You have the right to: Request restrictions by asking that we limit the way we use or disclose your PHI for treatment, payment, or health care operations. You may also ask that we limit the information we give to someone who is involved in your care, such as a family or friend. Please note that we are not required to agree to your request except when a restriction has been requested regarding a disclosure to a health plan in situations where the patient has paid for services in full and where the purpose of the disclosure is for payment or healthcare operations. If we do agree, we will honor your limits unless it is an emergency situation. Ask that we communicate with you by another means. For example, if you want us to communicate with you at a different address we can usually accommodate that request. We may ask that you make your request to us in writing. We will agree to reasonable requests. Request an electronic or paper copy of your PHI. We may ask you to make this request in writing and we may charge a reasonable fee for the cost of producing and mailing the copies, which you will receive usually within 30 days. In certain situations we may deny your request and will tell you why we are denying it. In some cases you may have the right to ask for a review of our denial. Ask usually to amend PHI about you that we use to make decisions about you. Your request for an amendment must be in writing and provide the reason for your request. In certain cases we may deny your request, in writing. You may respond by filing a written statement of disagreement with us and ask that the statement be included with your PHI. Seek an accounting of certain disclosures by asking us for a list of the times we have disclosed your PHI. Your request must be in writing and give us the specific information we need in order to respond to your request. You may request disclosures made up to six years before your request. You may receive one list per year at no charge. If you request another list during the same year, we may charge you a reasonable fee. These lists will not include disclosures to other organizations that might pay for your care provided by Interventional Pain Medicine, P.C.. Request a paper copy of this Notice. Receive written notification of any breach of your unsecured PHI. File a complaint if you believe your privacy rights have been violated. You can file a written complaint with us at the address below, or with the U.S. Department of Health and Human Services Office for Civil Rights by sending a letter to 200 Independence Avenue, S.W., Washington, D.C. 20201, calling 1-877-696-6775, or visiting www.hhs.gov/ocr/privacy/hipaa/complaints. Email By utilizing our services or replying to our emails, you acknowledge that you are aware that email is not a secure method of communication, and that you agree to the risks. If you would prefer not to exchange personal health information via email, please notify us at email@example.com. Changes to Privacy Practices Interventional Pain Medicine, P.C. may change the terms of this Notice at any time. The revised Notice would apply to all PHI that we maintain. We will make any such changes to our website.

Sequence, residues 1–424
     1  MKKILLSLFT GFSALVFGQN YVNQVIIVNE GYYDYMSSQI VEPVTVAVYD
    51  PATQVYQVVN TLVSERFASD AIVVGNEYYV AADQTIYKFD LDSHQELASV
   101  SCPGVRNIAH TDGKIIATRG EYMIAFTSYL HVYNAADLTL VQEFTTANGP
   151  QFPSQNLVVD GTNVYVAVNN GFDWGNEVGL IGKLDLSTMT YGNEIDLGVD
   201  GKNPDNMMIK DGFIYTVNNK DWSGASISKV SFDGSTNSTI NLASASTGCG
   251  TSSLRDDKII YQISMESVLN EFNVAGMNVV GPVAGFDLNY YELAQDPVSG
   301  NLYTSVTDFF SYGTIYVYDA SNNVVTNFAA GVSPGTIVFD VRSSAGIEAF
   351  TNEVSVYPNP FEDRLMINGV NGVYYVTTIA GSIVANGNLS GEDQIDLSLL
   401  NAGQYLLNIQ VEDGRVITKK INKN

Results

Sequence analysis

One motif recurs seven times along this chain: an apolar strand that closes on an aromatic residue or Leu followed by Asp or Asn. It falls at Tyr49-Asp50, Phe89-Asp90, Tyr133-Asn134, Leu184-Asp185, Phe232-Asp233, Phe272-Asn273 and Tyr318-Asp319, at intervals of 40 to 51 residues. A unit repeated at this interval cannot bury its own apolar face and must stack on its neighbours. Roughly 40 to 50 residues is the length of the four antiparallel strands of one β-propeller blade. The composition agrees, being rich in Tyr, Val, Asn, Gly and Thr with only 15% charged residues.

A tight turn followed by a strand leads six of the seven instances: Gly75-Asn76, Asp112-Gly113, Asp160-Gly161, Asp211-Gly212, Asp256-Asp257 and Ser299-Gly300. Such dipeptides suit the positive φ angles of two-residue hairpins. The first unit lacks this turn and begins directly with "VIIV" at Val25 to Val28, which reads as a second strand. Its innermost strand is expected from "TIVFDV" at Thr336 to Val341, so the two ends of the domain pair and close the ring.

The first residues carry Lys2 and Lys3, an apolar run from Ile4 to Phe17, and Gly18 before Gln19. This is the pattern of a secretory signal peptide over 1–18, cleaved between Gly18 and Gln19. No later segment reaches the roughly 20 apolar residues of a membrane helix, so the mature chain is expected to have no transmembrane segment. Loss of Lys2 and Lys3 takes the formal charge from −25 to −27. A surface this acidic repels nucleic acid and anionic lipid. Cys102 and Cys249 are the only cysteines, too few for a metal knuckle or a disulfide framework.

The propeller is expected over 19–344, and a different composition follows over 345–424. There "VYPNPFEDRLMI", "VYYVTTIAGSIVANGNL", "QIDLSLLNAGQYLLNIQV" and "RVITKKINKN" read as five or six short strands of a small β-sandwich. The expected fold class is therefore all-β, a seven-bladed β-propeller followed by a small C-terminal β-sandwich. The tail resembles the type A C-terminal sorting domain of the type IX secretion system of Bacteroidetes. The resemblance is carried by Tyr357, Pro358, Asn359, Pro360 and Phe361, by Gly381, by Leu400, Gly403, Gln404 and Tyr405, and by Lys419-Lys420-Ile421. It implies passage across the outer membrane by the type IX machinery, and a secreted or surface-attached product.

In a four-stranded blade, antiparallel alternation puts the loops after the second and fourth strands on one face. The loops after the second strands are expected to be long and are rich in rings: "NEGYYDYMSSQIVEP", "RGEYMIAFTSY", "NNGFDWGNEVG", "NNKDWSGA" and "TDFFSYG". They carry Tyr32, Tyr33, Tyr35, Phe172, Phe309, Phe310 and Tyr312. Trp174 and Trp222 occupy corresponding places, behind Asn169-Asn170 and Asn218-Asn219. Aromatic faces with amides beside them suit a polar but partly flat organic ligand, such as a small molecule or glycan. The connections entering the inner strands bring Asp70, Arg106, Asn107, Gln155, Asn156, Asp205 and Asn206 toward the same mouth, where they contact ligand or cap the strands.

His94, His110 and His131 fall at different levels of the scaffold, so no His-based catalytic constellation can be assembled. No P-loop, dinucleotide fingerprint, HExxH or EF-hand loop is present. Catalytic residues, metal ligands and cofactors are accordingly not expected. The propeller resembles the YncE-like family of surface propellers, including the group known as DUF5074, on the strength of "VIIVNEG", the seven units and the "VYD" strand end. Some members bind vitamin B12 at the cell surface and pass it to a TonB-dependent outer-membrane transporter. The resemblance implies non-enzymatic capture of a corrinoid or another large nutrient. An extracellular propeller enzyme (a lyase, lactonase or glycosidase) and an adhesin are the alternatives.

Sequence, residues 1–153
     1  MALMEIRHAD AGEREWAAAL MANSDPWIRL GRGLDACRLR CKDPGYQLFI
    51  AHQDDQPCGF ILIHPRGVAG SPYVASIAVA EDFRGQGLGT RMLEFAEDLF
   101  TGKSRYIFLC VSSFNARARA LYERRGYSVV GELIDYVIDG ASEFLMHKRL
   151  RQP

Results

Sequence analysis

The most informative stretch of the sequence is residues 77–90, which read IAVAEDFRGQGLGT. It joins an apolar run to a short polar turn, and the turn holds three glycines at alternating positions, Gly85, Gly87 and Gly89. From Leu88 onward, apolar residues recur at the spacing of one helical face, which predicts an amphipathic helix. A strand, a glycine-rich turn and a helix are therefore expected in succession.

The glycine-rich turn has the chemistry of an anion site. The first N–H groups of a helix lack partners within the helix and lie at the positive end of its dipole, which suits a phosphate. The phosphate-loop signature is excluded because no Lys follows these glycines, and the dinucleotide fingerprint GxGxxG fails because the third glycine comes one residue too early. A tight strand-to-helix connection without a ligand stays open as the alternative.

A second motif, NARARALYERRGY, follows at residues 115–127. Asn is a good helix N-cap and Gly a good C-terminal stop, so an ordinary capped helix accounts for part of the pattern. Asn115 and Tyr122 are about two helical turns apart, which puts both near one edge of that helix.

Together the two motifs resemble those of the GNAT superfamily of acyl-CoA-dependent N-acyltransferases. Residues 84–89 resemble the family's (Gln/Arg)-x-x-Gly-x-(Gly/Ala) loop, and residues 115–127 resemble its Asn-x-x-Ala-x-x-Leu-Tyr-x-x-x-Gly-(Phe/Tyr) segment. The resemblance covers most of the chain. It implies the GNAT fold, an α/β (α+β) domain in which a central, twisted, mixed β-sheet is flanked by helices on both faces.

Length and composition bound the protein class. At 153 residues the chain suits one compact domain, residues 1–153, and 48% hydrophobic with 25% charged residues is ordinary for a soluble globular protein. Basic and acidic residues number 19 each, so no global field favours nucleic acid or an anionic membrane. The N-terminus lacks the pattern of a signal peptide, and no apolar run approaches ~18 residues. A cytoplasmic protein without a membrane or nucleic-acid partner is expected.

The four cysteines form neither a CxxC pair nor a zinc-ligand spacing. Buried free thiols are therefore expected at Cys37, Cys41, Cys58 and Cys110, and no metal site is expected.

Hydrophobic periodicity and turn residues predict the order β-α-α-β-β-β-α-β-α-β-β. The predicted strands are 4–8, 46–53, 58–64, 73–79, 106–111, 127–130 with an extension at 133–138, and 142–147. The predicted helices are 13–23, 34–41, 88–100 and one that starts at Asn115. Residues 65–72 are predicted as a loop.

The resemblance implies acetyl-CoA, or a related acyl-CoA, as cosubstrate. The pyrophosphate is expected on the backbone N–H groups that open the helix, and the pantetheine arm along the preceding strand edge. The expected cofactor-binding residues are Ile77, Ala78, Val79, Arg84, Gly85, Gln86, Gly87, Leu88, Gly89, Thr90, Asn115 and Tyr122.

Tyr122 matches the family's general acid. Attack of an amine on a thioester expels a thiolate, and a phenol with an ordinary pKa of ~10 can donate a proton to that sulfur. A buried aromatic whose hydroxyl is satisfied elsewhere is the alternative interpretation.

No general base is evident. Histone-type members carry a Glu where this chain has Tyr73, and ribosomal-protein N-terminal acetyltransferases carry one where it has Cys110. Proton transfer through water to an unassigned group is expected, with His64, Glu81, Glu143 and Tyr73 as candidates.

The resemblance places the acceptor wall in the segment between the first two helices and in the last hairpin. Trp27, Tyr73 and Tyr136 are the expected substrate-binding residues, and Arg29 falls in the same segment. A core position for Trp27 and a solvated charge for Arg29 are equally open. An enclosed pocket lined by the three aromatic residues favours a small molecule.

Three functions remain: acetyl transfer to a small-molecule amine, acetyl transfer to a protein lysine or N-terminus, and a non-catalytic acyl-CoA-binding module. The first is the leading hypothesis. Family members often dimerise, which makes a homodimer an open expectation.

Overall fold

QUESTIONS AND COMPLAINTS
If you have any questions about this Notice or would like an additional copy, please contact the Administrative Officer at 718 479 3900 or firstname.lastname@example.org. If you think that we may have violated your privacy rights or you disagree with a decision we made about access to your PHI, you may send a written complaint to the Administrative Officer at 196-17 Hillside Avenue Hollis, NY 11423.